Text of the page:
Enterprise Software

What's in store for CRM?

How does the economic downturn affect your CRM plan? What kind of database architecture is best for CRM data? Gartner analyst Scott Nelson answers these and other questions from participants in Gartner's CRM Summit Spring 2001 this week.


As more organizations look to customer relationship management (CRM) to build and maintain a strong customer base, the challenge is to make CRM responsive to both IT and business needs.

During Gartner’s CRM Spring Summit 2001 in Chicago, Gartner analyst Scott Nelson suggested on Monday that organizations take a broad, enterprise-wide approach to CRM, allowing them to set five-year plans for CRM initiatives. (TechRepublic is a subsidiary of Gartner.)

But what about your organization’s current needs? How can CRM support your business goals during an economic downturn? Should your enterprise use open or closed databases? Is your CRM team implementing CRM for the wrong reasons?

Following his presentation Monday, “A Five-Year Vision for CRM Architectures and Technologies,” Nelson responded to several questions about CRM from conference attendees.
What is the best way for businesses to utilize customer data and make the most of CRM? Read more from Gartner analyst Scott Nelson in “Customer data is the crux of CRM’s future.”
Q: Can CRM still have an impact on profitability in a time when market shares are declining?
Nelson: I think it holds true even more so in a declining market. When we’re in the perfect economy and… lots of money is flowing everywhere, it’s easy for firms to get kind of cavalier and say, “If we lose some customers, there’s always more customers out there to get.”
It’s in a declining market [when] the real test comes out. The ability for firms to hold their customers—especially to hold their profitable customers—and to positively impact those marginally unprofitable customers and make them profitable gives [firms] the opportunity to really gain an insurmountable lead in [their] marketplace.

Q: Can an experienced cross-functional team (a combination of business and IT professionals) focused on sales automation and charged with an enterprise-wide CRM implementation be successful?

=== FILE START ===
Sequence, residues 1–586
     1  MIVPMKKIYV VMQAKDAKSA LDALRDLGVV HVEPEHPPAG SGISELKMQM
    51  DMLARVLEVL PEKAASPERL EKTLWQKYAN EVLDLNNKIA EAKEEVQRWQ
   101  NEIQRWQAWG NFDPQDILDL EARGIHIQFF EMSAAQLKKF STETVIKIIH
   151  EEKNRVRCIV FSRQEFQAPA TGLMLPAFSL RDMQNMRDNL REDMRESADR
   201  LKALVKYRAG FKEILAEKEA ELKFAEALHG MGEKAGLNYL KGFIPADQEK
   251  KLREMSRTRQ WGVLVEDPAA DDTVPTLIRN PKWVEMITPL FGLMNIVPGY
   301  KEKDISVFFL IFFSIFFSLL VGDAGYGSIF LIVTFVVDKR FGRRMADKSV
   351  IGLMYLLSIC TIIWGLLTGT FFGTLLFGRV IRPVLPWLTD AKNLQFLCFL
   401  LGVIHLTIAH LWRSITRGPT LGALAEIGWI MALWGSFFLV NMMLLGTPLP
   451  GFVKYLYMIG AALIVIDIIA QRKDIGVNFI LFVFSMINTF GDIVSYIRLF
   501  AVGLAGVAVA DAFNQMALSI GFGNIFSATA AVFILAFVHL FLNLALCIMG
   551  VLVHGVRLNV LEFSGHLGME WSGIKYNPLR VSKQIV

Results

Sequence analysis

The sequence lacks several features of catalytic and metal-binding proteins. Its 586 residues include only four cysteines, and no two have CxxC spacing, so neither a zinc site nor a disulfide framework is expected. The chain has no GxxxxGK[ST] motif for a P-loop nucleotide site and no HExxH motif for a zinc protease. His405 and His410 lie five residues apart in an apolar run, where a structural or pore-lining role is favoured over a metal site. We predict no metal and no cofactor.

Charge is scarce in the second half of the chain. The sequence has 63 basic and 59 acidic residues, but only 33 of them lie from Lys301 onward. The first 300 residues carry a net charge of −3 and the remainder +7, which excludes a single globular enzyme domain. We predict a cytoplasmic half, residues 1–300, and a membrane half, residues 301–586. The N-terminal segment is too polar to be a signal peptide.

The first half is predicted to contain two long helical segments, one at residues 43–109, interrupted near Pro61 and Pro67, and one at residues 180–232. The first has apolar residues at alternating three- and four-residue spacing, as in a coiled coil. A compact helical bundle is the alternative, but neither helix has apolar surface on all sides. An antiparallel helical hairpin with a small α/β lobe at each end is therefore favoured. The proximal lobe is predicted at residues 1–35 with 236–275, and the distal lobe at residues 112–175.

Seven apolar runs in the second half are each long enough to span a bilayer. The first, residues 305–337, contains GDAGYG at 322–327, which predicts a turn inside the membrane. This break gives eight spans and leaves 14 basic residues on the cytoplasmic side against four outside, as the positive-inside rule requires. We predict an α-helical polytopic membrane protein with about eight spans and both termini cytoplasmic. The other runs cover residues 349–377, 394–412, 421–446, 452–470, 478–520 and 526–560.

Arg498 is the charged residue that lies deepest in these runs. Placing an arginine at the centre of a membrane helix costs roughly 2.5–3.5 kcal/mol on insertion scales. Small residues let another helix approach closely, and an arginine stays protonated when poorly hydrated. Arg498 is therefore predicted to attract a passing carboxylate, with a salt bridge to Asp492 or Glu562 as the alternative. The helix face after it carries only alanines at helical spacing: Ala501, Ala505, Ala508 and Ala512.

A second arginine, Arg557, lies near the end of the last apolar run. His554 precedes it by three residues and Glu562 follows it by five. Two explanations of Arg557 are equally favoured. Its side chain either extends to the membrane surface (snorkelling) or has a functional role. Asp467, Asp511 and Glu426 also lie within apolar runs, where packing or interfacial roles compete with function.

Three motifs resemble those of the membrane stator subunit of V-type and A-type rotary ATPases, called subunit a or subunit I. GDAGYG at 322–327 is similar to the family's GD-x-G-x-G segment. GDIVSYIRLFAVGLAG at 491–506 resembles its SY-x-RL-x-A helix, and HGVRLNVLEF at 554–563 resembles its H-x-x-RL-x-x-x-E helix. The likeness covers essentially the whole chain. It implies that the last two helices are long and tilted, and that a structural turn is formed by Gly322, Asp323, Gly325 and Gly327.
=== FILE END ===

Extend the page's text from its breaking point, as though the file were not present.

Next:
Nelson: Yes, it can. I’ve identified what I call the “CRM Council,” which is becoming more and more common in firms. (The council controls the CRM planning in an organization.) That approach is really becoming popular with a lot of firms who [don’t have] a chief customer officer [CCO].
But what if you are undertaking a CRM initiative for the wrong reasons? Can it be successful? If you were charged with bringing in a call-center solution so that you can cut people off the call center, it’s going to be a lot tougher to do a good job with [the CRM solution].
So, if the organization is doing [CRM] for the wrong reasons, it should refocus on the right reasons and try to accomplish [for example] one area of what management is looking for, while still identifying what’s going to be needed to make [CRM] a success in the organization.
Do you have comments or questions about CRM? Would you like to ask other TechRepublic members about their experiences with CRM implementations? Paul Baldwin, editor of TechRepublic’s Enterprise Applications Focus, is moderating a discussion about critical CRM issues. So ask a question, join in the discussion, and learn from other community members.
Q: You mentioned that collected databases can be used to facilitate CRM applications. If my organization needs a new database architecture, should I rebuild with a vendor solution?
Nelson: Right now, with the standards being so iffy, it’s hard for a firm to do that themselves. The initial solutions will be built by vendors. As standards start to emerge, firms will begin to develop in-house options.

Q: Can I use a closed database architecture?
Nelson: You should avoid closed solutions unless they have real value to your CRM initiatives. Make sure you understand the trade-offs of using a closed solution.
Virtually every vendor will tell you they have open architecture, and most vendors will not admit to any part of being closed. So do your homework, kick the tires a bit, and find out how easy this [solution] is going to be to integrate into your environment.

Q: Customer data can accumulate very quickly for a large enterprise. How do you sort and analyze a bottleneck of data efficiently?
Nelson: Optimization is one good way to attack this. The key is not finding one solution but to look at multiple solutions that can move data more effectively and efficiently, and optimization is one way to do that.

Q: How do architectures from application service providers [ASPs] stack up to in-house-built architectures?
Nelson: For the most part, the architecture is similar. The issue is: Where is the control line? Where is the data stored?
They [ASPs] will continue to be a part of this [CRM] market. Some ASPs are coming out with solutions that address a broader enterprise approach.
Look for more articles about the issues addressed at Gartner’s CRM Summit Spring 2001 next week on TechRepublic. Upcoming articles will range from how to utilize CRM analytic applications and how small to medium-size enterprises can use CRM.

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